SALT LAKE CITY — Former West High School Principal Ford White’s educator’s license has been suspended for “no less than a year.”
The suspension was back-dated to June 30, 2020, the last day White was under contract with the Salt Lake City School District.
In November 2019, White was placed on administrative leave to investigate his alleged mishandling of an incident on Nov. 14, 2019, involving two female students who were intoxicated on school grounds.
The Utah State Board of Education voted Wednesday to uphold the recommendation of the Utah Professional Practices Advisory Commission, which conducted a hearing in October with respect to White’s teaching license.
The panel concluded that White’s conduct fell “on the lower end of the spectrum” of professional standards violations, according to a document provided to the Deseret News by White.
“The panel believes Mr. White still has much to contribute as an educator and a one-year suspension is an adequate remedy to induce Mr. White to correct his conduct,” the commission’s recommendations state.
Rather than contacting police, White drove the girls to a relative’s home six blocks from the school. An assistant principal followed and gave him a ride back to the school.
White said his goal “was to get every student home safely that day and unfortunately, my state of mind did not pair with leadership. I’ve moved on and I am grateful for the outpouring of support from family, friends and complete strangers across the state, and look forward to continue my service to Utah families in meaningful and impactful ways.”
About 500 West High School students walked out of school on Nov. 19 to protest White being placed on administrative leave. About 2,800 students attend the school.
White said he was saddened that his license was suspended but he was “grateful for the opportunity to address the difficult circumstances I faced that day.”
In addition to the intoxicated teens, the school was dealing with “a very ominous letter that was threatening suicide and murder and we had a couple of trespassers on campus that had previously injured one of our teachers quite severely,” he said.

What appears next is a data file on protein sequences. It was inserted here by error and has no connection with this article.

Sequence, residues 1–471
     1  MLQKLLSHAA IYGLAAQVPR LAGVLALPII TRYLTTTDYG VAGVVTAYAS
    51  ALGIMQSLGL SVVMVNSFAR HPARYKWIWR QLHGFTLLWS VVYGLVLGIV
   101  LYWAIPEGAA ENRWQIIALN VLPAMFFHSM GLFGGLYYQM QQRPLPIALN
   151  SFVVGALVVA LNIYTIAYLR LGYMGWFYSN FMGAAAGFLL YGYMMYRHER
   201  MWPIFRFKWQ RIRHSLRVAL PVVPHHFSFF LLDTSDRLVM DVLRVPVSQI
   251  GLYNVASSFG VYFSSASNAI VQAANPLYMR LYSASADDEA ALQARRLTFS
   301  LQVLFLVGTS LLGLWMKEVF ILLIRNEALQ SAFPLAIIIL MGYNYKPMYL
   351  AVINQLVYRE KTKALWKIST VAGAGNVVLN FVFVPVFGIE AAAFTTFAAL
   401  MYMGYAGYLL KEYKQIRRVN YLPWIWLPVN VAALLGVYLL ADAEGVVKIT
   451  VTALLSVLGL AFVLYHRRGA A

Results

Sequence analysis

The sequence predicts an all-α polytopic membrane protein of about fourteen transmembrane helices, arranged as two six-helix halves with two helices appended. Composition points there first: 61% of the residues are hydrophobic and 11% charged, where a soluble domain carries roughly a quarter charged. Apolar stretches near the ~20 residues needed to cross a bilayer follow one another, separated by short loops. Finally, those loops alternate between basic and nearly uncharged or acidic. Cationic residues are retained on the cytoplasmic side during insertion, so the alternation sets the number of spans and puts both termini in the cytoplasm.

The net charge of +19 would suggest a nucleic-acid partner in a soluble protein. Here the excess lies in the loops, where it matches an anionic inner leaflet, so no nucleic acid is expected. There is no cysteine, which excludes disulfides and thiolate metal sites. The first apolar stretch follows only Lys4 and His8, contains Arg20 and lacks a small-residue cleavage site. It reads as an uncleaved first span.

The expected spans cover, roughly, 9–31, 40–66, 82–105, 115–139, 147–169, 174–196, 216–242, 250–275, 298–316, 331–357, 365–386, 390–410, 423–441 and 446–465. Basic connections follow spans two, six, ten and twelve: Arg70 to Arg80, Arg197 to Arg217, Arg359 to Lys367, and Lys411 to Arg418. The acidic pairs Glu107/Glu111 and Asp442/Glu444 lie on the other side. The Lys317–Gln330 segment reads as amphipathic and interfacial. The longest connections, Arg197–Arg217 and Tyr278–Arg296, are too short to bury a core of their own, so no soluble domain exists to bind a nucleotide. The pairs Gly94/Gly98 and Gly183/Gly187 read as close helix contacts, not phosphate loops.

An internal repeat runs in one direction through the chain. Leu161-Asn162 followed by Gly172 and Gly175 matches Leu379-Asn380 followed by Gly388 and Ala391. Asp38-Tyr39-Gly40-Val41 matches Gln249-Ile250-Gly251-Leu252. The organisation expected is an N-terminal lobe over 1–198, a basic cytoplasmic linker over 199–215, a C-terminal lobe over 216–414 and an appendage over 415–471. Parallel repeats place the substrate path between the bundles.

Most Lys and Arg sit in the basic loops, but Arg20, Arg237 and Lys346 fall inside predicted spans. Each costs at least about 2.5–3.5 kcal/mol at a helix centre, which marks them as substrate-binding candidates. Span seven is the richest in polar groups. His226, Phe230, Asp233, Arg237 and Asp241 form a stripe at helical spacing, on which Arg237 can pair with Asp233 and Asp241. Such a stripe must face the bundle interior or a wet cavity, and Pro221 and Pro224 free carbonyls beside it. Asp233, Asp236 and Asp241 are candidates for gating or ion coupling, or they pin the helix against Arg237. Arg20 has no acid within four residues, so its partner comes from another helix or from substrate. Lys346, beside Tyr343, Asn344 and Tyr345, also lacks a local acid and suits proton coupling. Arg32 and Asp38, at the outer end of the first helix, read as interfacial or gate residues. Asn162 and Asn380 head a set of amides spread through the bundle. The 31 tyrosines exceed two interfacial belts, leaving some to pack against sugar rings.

As a combat veteran, White said he has worked closely with his therapist from the VA Hospital “to better understand the rationale and sequence of decisions I made last year as I’ve struggled with past military combat experiences, PTSD and how this impairment impacted my dream job.”
In an interview during White’s licensure hearing in October 2020, his attorney, Summer Osburn, said his defense centered on legislation intended to reform the juvenile justice system by employing school-based interventions or diversion practices.
Supporters said HB239, passed by the Utah Legislature in 2017, was one means to disrupt the “school to prison pipeline.”
“Restorative justice means you don’t call the cops for every problem at your school,” said Osburn. “Restorative justice means that you get down with your boots on the ground and you make community, family and student personal contacts that you can then use to address these kinds of problems.”
At the time of the hearing, White said aside from his own licensure, his greater fear was that other educators will not use restorative justice practice out of fear of retaliation.
Attorney Matt Schiffgen, who also represented White, said Friday that the one-year suspension was based on minor issues.
“It seems like the one-year suspension kind of gives a slap in the face to restorative justice, where we worry that it scares other administrators and educators from using those practices,” he said.
Schiffgen said White is “a good guy. It’s stupid to suspend somebody like that, who’s actually working hard and cares. I think the panel saw that for sure.”
White said he has been working as a ski instructor and has obtained a real estate license. He said he does not intend to appeal the panel’s decision.
The events occurred in what was White’s third year as principal of West. As a result of being placed on leave, he was unable to assist disenfranchised families he had worked closely with who have had a difficult time navigating remote learning during the statewide recess of in-person learning due to the COVID-19 pandemic. The school district remains in remote learning mode.
“I felt like in that position I could have said, ‘You’re not going to be forgotten. I’ve not forgotten you at any moment. You know that. I know that. So let’s get together and figure out plans that are going to work for all kids,” he said.
White said he received a lot of support but he was particularly heartened that some of the students who picketed at the school were those he had met with in his office “coming back from some sort of disciplinary action,” he said.
“They are the ones going, ‘Gosh, you know, he treated us like one of his own.’ That was a special opportunity.
“My wife and I have talked about the fact that I accomplished a lot of the goals. There’s hundreds if not thousands of kids who realize that there are good people in the system and we will do our best in our hearts, our time and our efforts to try to try to serve them as best we can.”
White said he entered a settlement agreement with the school district and was not fired.
The Salt Lake City School District had no comment, said spokeswoman Yándary Chatwin.
Contributing: Felicia Martinez